But it is important for carers and children to know if boundaries exist within the home or for individual children.
If boundaries or expectations exist for individual children they should be set out in their Care Plan and Placement Plan.
If boundaries or expectations exist for the home, they should be clear. For example, if carers are not expected to allow children to sit on their laps, or to carry children, this should be stated, preferably in writing.
In the absence of any plan or expectation, the following should be taken into consideration:
- When thinking about who is an appropriate person to touch a child, it is vital to consider what the adult represents to the particular child. Personal likes and dislikes will play a part in any relationship;
- In addition, many factors influence the power relationship between adult and child, including gender, race, disability, age, sexual identity and role status;
- The background of the child will also influence any decision about who represents a 'safe' adult in the eyes of the child;
- Children from ethnic minority backgrounds may be used to different types of touch as part of the culture;
- Children who have been subject to physical or sexual abuse may be suspicious or fearful of touch. This is not to say that children who have experienced abuse should not be touched, it may be beneficial for the child to know different, safer and more reliable adults who will not use touch as a form of abuse;
- For each child, what constitutes an intimate part of the body will vary; but generally speaking it is acceptable to touch children's hands, arms, shoulders. It may be appropriate to hug or cuddle children, or carry or give them 'piggy backs';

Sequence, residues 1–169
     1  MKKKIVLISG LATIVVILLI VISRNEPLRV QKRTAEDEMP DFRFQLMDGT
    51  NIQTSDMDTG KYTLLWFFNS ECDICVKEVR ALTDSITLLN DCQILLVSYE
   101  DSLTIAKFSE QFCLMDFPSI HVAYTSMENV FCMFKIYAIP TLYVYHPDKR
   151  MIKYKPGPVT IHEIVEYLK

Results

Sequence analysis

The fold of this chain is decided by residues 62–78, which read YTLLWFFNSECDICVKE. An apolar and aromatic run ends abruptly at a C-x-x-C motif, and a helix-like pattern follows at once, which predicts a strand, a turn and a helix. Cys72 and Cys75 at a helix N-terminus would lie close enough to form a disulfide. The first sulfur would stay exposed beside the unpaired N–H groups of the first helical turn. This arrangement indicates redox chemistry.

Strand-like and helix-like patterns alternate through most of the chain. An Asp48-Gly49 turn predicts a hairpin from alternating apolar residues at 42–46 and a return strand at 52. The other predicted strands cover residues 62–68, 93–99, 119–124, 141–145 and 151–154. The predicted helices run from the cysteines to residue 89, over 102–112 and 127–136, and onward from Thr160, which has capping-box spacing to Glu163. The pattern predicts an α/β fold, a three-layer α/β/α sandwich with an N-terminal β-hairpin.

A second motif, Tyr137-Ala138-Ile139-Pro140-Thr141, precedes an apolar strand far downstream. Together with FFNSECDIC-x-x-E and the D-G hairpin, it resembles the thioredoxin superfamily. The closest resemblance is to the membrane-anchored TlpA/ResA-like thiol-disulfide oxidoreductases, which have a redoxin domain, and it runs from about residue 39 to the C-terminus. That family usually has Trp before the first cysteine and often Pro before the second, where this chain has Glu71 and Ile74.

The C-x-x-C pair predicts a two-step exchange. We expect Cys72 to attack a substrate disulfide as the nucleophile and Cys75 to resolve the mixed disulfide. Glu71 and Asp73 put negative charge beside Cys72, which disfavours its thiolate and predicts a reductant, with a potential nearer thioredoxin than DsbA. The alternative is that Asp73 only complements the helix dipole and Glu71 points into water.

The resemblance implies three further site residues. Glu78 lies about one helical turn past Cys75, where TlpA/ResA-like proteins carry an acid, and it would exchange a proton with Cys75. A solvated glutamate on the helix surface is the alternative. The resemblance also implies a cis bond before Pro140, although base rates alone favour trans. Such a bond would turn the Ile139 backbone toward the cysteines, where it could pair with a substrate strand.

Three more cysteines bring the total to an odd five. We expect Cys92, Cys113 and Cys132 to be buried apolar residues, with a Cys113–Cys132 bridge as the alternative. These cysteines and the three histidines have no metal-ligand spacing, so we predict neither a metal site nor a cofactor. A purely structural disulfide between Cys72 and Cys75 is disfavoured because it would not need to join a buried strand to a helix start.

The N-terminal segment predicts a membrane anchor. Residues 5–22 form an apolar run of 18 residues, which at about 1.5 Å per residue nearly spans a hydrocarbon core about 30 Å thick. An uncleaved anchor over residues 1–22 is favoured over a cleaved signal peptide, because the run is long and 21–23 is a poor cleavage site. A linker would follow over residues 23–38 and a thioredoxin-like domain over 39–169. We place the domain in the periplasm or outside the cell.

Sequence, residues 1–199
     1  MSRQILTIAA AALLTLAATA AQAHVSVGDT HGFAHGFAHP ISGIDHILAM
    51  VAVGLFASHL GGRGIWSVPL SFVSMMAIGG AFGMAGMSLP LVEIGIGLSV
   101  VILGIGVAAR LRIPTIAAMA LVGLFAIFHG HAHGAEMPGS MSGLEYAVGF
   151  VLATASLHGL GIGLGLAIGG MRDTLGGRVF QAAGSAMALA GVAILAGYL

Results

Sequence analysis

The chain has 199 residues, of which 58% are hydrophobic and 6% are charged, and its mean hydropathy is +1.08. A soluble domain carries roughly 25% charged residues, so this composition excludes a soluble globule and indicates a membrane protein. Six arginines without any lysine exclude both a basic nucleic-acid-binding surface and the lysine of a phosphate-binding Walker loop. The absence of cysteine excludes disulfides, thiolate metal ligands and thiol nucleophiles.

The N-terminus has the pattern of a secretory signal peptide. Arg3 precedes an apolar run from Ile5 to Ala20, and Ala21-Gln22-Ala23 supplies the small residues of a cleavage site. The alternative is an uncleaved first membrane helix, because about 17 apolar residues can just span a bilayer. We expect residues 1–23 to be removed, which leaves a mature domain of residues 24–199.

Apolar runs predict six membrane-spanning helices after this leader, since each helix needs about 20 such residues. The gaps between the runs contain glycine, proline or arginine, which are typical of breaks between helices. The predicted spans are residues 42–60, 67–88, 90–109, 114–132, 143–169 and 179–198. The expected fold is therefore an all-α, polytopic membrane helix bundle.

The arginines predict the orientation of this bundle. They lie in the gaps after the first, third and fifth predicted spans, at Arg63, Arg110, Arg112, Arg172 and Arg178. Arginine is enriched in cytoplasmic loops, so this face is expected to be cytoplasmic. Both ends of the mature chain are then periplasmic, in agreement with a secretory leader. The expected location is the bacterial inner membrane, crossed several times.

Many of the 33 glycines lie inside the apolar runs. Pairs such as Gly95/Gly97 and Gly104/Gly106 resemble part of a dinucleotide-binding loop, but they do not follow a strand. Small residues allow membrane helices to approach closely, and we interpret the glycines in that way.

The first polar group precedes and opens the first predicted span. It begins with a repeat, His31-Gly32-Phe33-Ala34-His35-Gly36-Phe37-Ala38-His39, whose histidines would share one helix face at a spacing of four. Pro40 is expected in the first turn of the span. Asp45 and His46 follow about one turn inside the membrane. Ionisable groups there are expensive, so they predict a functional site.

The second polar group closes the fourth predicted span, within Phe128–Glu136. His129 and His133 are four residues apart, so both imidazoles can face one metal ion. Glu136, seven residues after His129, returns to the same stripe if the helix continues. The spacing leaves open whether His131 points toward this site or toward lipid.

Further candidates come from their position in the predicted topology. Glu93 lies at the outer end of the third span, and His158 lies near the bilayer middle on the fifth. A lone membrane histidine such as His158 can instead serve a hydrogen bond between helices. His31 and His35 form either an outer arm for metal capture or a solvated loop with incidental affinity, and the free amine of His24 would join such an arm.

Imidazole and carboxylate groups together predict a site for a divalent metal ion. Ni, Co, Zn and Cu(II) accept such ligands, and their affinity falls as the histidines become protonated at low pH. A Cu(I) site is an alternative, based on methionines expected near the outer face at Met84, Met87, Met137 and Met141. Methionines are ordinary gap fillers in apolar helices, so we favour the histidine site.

- Other parts of the body are less appropriate to be touched, by degrees. Some parts of the body are 'no go areas';
- Therefore, it may be appropriate to touch a child's back, ears or stroke their hair or knees - if the child indicates such touch is acceptable. To go beyond this would be unacceptable, even if the child appeared to accept it;
- In any case, no part of the body should be touched if it were likely to generate sexualised feelings on the part of the adult or child;
- Also, no part of the body should be touched in a way which appeared patronising or otherwise intrusive;
- Therefore, the context in which touch takes place is usually a decisive factor in determining the emotional and physical safety for both parties;
- What message is being sent out to the child? If the intention is to positively and safely communicate affection, warmth, acceptance and reassurance it is likely to be acceptable;
- A fleeting or clumsy touch may confuse a child or may feel uncomfortable or even cause distress. Carers should touch with confidence, and should verbalise their affection, reassurance and acceptance; by touching and making positive comments. For example, by touching a child's arm and saying "Well Done";
- Where children indicate that touch is unwelcome carers should back off and apologise if necessary;
- Carers should talk to colleagues and record their interactions with children. If particular strategies work, or not, colleagues should be informed so they can build on or avoid making the same mistake;